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Vehicle sales post 2% growth in October

/ 04:06 AM November 17, 2020

Vehicle and truck manufacturers sold 25,023 units in October, a 27.3-percent decline from the same month last year but a 2-percent improvement from the previous month’s level, even as their industry group said they remained vulnerable to a possible safeguard duty on imported cars.

According to a joint report by the Chamber of Automotive Manufacturers of the Philippines Inc. (Campi) and the Truck Manufacturers Association (TMA), sales for the 10 months to October shrank by 42.7 percent to 173,035 units from year-ago levels.

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Campi noted in a statement on Monday that its October sales grew from 24,523 units in September, which Campi president Rommel Gutierrez said was tepid but still positive progress for the industry, noting that this was the highest sales volume since the start of the pandemic.

The month-on-month growth, he said, was despite the overall negative consumer and business confidence outlook for the fourth quarter.

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“We are on track to achieve our revised sales forecast of 240,000 units—the baseline for our medium-term recovery plan,” he said.

Nevertheless, Campi said it was still cautious especially since the Department of Trade and Industry (DTI) was currently investigating a petition to impose a safeguard duty on imported automobiles, which Gutierrez said might be decided soon.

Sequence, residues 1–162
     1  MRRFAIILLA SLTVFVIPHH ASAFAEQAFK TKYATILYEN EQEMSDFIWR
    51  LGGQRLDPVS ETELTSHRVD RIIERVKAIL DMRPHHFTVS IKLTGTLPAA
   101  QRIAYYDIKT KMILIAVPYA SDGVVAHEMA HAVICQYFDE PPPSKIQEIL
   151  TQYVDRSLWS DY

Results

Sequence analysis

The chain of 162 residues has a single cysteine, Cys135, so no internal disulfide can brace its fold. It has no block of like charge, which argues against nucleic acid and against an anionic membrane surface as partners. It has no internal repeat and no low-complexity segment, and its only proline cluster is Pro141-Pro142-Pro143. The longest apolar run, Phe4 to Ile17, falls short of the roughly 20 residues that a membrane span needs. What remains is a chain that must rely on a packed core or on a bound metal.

”The industry is in a very vulnerable state right now and the imposition of a safeguard measure will only limit our ability to navigate the crisis,” he said.

The investigation—which covers the industry’s performance from 2014 to 2018—was prompted by a petition filed by labor group Philippine Metalworkers Alliance (PMA) last year.

PMA wanted the DTI to slap a safeguard measure against imported vehicles, arguing that a surge in imports has been hurting local jobs in a way that the automotive companies themselves were not.

In a global value chain, a car company that cuts its vehicle production so that it could import instead does not feel any significant loss. In the end, the group argued, multinational companies would still benefit even if they began relying more on imports. Meanwhile, a smaller vehicle production means less work for local workers, which could then lead to job cuts as well.

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